This is the first time that the role of AM during HPAIV H5N1 virus infection has been studied. This study shows that AM are more susceptible to HPAIV H5N1 infection than to seasonal H3N2 or pH1N1 virus infection but, that this infection results neither in virus production nor in an excessive immune response.
Macrophages cultured from monocytes do not respond the same way as AM to two out of three influenza viruses included in this study: there are significant differences between MM and AM in the percentages of cells infected, cytokine response and virus production after infection with HPAIV H5N1 and seasonal H3N2 virus. Therefore, MM are not suitable to study the interaction between AM and these influenza virus strains.
HPAIV H5N1 infected more AM than seasonal H3N2 or pH1N1 viruses, in both the ex vivo
lung cultures and in AM collected from BAL. This fits with the results of our virus attachment studies, in which HPAIV H5N1 attached more abundantly to AM than H3N2 virus 
and pH1N1 
. Infection of an AM likely hampers its protective function and, since approximately one AM is found in each alveolus 
, this could lead to substantial loss of protection in the alveoli.
HPAIV H5N1 infection in AM did not result in significantly higher induction of TNF-alpha mRNA compared to seasonal H3N2 or pH1N1 virus. This is in contrast with the significantly higher TNF-alpha mRNA levels in MM after HPAIV H5N1 virus infection compared to seasonal H3N2 and pH1N1 virus infection observed in our and previous studies 
. The observed difference in TNF-alpha induction can likely be explained by the activation phenotype of AM compared to that of MM. MM represent classical activated macrophages, while AM are alternative activated or deactivated macrophages. LPS is known to induce TNF-alpha production in classically activated macrophages but not in alternatively activated macrophages 
. The inhibited TNF-alpha induction of AM in this study fits with their alternatively activated phenotype. This inhibition of TNF-alpha induction in alternatively activated macrophages is thought to be regulated by the p50 subunit of NF-κB 
TNF-alpha, and the cascade it induces, is known to attract neutrophils and other leukocytes in the lung and is thought to play an important role in the pathogenesis of acute respiratory distress syndrome and multiple organ dysfunction syndrome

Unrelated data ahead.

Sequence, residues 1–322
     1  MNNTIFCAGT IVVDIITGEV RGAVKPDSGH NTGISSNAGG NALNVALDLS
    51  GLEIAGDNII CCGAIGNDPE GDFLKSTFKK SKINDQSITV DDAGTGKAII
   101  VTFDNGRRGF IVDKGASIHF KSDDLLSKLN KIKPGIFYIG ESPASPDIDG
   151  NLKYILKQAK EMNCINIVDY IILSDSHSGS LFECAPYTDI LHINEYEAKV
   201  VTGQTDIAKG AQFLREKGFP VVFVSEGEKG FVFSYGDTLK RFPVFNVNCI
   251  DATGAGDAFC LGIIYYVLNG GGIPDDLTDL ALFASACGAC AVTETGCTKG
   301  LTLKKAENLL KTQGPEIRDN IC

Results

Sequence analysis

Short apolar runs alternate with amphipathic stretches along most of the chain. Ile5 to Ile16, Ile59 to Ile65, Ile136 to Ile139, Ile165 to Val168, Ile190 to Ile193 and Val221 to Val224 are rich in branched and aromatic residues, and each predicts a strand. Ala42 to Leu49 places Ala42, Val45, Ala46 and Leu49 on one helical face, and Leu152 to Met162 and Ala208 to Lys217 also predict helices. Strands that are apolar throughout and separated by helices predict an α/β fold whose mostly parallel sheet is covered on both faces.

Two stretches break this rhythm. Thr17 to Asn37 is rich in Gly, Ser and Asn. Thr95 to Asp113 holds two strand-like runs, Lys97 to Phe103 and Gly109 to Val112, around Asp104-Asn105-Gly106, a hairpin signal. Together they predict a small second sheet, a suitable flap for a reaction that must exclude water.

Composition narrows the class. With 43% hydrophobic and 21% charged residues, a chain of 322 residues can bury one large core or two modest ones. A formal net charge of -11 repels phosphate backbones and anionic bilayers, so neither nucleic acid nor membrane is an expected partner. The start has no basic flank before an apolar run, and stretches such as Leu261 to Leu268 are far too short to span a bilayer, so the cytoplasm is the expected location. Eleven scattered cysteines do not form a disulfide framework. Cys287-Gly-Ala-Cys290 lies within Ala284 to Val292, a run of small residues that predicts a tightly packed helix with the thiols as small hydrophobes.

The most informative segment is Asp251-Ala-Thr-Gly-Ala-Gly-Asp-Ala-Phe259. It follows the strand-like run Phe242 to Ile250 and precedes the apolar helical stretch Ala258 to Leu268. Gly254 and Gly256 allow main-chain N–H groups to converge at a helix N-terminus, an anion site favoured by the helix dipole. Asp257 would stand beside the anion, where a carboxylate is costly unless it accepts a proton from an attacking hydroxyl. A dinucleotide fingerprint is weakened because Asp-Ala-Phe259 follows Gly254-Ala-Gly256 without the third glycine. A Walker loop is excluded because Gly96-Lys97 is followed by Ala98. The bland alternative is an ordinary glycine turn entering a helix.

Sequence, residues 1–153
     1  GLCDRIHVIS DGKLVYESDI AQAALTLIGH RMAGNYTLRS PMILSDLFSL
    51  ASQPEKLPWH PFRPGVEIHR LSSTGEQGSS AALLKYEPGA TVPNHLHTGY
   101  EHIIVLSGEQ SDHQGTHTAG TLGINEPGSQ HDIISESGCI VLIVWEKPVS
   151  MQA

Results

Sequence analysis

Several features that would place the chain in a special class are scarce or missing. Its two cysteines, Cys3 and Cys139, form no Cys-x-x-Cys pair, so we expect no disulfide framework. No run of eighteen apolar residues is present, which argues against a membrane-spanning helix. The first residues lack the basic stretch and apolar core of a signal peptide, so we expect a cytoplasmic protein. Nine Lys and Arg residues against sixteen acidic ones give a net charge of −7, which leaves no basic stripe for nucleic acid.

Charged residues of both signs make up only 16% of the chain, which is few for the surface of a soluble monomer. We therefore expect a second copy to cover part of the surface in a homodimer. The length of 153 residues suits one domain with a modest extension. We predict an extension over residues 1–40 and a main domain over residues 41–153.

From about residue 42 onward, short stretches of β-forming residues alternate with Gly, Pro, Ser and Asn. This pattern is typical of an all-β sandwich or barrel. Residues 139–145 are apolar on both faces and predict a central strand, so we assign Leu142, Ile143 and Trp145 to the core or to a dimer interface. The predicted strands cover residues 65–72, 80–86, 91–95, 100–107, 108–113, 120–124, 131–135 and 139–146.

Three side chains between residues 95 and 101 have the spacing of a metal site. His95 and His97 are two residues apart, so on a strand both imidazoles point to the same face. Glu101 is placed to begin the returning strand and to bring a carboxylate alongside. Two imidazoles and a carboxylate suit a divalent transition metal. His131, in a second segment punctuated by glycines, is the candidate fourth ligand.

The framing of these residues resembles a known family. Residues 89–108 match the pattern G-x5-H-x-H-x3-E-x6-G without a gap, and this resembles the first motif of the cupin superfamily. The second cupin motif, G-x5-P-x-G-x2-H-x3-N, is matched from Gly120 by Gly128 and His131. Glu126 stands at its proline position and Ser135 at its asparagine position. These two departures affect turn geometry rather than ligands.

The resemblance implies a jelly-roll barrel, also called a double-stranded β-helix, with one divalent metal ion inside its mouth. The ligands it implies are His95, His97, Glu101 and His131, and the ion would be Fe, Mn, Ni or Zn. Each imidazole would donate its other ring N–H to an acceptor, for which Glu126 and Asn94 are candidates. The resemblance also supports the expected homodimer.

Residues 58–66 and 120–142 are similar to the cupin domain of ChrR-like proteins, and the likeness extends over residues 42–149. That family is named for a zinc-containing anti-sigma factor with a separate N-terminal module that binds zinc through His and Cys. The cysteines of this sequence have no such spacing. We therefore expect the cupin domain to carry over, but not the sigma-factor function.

. The lack of excessive TNF-alpha induction in AM after infection with the HPAIV H5N1 strain used in this study might indicate that, in contrast to previous conclusions based on studies with MM, the AM does not contribute to the excessive immune response after HPAIV H5N1 infections.
The lack of virus production in AM after infection with influenza viruses included in this study corresponds with a previous study in which no virus release in AM was detected after infection with a seasonal H1N1 or H3N2 virus 
. The lack of significant virus production indicates that AM do not release high numbers of new virus particles and thereby do not contribute to a productive infection in the human alveolus.
During influenza virus pneumonia, there is an influx of a variety of leukocytes, including monocytes 
. The monocytes that enter the alveoli during influenza virus pneumonia most likely respond differently than resident AM. We cannot exclude that these monocytes will respond in a similar way as MM, with high percentages of cells infected, a productive infection and the induction of TNF-alpha. Unfortunately, the interaction between monocytes and influenza virus has never been studied, so their role remains to be elucidated.
Interestingly, macrophages that were cultured in the presence of GM-CSF, resembled AM in shape, but differed in their response to influenza virus infection. In fact, the percentages of cells infected of GM-MM resembled that of the MM more closely. Although GM-CSF is abundantly present in the human alveolus and is thought to be responsible for the AM phenotype 
, addition of GM-CSF was not sufficient to transform the phenotype of monocytes to that of AM, with respect to their response to influenza virus infections. It is likely that other factors present in the alveolus are required for this transformation.
Overall, the pH1N1 virus used in this study did not infect high percentages of either AM or MM. Even compared to seasonal H3N2 virus, pH1N1 virus infected lower percentages of cells. Whether this is a unique feature of pH1N1 virus or a common feature of pandemic influenza viruses remains to be determined. Overall, this observation fits with the relatively mild disease caused by pH1N1 virus infection 
In conclusion, we have shown that the MM are unsuitable to study the interaction between AM and these influenza virus strains, which might be due to their difference in phenotype; alternatively activated versus classically activated. In contrast to MM, AM do not induce excessive TNF-alpha after HPAIV H5N1 infection. However, AM are more abundantly infected by HPAIV H5N1 than by seasonal H3N2 virus or pH1N1 virus. We speculate that this relatively high percentage of AM infection by HPAIV H5N1 may contribute to the unusual high pathogenicity of HPAIV H5N1 for the human lung.